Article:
Its boosters tout its massive economic promise and claim it could benefit the entire world and lift millions out of poverty.
But no one can say for sure what exactly the plan encompasses, and detractors warn it could be an expensive boondoggle at best or a massive expansion of Chinese imperial power at worst.
So what is One Belt, One Road?
No one is totally sure. At the most basic level, One Belt, One Road (OBOR) is a collection of interlinking trade deals and infrastructure projects throughout Eurasia and the Pacific, but the definition of what exactly qualifies as an OBOR project or which countries are even involved in the initiative is incredibly fuzzy.
"It means everything and it means nothing at the same time," said Christopher Balding, a professor of economics at Peking University.
Why is it so unclear?
While it might have originally had a comprehensible thesis behind it, OBOR has become such a popular buzzword that it's next to impossible to lock down criteria for how any given project would or could fit into the overall initiative.
Chinese officials tend to mention it regardless of what they're trying to promote, like a US lawmaker talking about "freedom."
Chenggang Xu, a professor of economics at the Cheung Kong Graduate School of Business, said it helps to think of OBOR as a "philosophy" or "party line," rather than anything concrete.
As an example of what an all-encompassing buzzword its become, state media has claimed OBOR will benefit: the Middle East peace process, start-ups in Dubai, currency trading, global poverty reduction, Xinjiang's medical industry, Australian hotels, nuclear power, Polish orchards, and, finally, the entire world.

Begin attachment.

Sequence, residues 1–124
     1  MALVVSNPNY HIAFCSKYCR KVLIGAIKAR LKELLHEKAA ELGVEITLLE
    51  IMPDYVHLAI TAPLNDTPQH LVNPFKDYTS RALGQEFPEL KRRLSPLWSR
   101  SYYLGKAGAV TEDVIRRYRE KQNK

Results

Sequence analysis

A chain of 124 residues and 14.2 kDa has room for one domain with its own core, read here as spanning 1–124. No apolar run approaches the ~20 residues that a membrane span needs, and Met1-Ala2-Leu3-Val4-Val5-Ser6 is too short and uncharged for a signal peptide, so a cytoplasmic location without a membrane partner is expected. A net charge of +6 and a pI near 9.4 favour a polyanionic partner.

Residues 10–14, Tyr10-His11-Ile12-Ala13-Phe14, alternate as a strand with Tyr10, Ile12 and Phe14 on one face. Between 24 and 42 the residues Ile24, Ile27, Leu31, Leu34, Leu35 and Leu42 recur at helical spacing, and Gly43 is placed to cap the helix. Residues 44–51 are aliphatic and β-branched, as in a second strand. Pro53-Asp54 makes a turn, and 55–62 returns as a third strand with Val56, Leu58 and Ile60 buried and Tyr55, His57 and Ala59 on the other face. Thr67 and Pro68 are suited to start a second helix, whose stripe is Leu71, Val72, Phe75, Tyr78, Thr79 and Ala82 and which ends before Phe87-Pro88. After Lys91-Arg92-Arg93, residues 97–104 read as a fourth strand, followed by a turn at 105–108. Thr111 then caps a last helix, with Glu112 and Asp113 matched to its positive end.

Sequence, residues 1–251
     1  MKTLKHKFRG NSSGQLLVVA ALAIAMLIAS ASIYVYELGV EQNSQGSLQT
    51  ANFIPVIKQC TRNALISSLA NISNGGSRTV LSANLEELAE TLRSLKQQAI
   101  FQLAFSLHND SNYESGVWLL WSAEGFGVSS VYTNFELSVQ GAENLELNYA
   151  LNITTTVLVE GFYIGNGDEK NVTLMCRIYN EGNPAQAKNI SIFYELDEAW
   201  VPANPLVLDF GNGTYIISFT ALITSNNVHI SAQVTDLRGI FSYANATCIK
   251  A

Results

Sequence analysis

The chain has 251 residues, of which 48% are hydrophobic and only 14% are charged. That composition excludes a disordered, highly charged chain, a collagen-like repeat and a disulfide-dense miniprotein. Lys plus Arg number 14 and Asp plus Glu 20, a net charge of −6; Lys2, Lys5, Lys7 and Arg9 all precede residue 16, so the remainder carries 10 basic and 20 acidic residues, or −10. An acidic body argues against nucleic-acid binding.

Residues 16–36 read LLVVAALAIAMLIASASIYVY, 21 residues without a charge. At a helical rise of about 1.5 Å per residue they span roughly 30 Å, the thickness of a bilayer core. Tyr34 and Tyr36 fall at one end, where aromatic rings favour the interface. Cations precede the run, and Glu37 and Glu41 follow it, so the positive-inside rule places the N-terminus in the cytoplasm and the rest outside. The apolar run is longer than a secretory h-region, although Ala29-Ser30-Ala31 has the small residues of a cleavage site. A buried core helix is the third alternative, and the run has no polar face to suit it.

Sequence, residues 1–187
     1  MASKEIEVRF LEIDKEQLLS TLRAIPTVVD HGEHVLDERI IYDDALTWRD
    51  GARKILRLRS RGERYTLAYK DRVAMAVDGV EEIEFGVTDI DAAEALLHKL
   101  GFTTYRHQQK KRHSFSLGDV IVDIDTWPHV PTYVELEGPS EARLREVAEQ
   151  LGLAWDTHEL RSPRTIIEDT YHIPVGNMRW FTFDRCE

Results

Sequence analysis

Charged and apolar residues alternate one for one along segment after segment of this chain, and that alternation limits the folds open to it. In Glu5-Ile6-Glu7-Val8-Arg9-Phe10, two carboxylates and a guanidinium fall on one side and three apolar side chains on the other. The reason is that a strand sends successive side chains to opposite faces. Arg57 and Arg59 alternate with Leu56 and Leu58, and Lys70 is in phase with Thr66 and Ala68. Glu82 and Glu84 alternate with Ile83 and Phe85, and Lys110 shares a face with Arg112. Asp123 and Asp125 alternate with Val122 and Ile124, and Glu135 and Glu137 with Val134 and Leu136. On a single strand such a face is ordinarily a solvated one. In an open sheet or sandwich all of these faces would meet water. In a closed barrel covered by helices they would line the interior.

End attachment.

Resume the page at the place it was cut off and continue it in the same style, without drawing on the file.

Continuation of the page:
Jörg Wuttke of the EU Chamber of Commerce in China, warned this week the initiative has increasingly "been hijacked by Chinese companies, which have used it as an excuse to evade capital controls, smuggling money out of the country by disguising it as international investments and partnerships."
What's with the name?
Confusion about OBOR isn't helped by its lack of a clear name or even a settled upon abbreviation.
The initiative consists of two major parts:
These two projects are known collectively as One Belt, One Road, or Belt and Road, or the New Silk Road.
What does China get out of this?
According to Chinese state media, some $1 trillion has already been invested in OBOR, with another several trillion due to be invested over the next decade.
There are two main benefits for Beijing from this: economic, and political -- both with their own significant risks.
What are the economic benefits?
As its runaway economic growth has slowed in recent years, China has suffered from widespread overcapacity in heavy industries such as steel, cement and aluminum.
Ways of dealing with declining domestic demand include cutting jobs -- more than 1.2 million in 2016 and 2017 -- and expanding demand overseas.
"China is looking to use OBOR as a way to ship its own domestic overproduction offshore," said Nick Marro, an analyst with the Economist Intelligence Unit (EIU).
The project will also open new markets for Chinese goods, shoring up the country's economy against any potential slowdown in demand from Europe or the US, said Jin-Yong Cai, former head of the International Finance Corporation.
"(China is) leveraging their own capital to get involved in helping (other) countries to get wealthier so they can become customers of Chinese products," he said.
What are the economic risks?
While China stands to reap major benefits from OBOR projects, it is also footing a significant proportion of the risks entailed with them.
Many key countries targeted by OBOR -- in central Asia, Africa and southeast Asia -- are prone to economic and political instability and corruption.
What happens when an OBOR project funded by the Chinese government fails is unclear, said Xu. He warned that if a series of projects fail at the same time, "then the whole thing could collapse."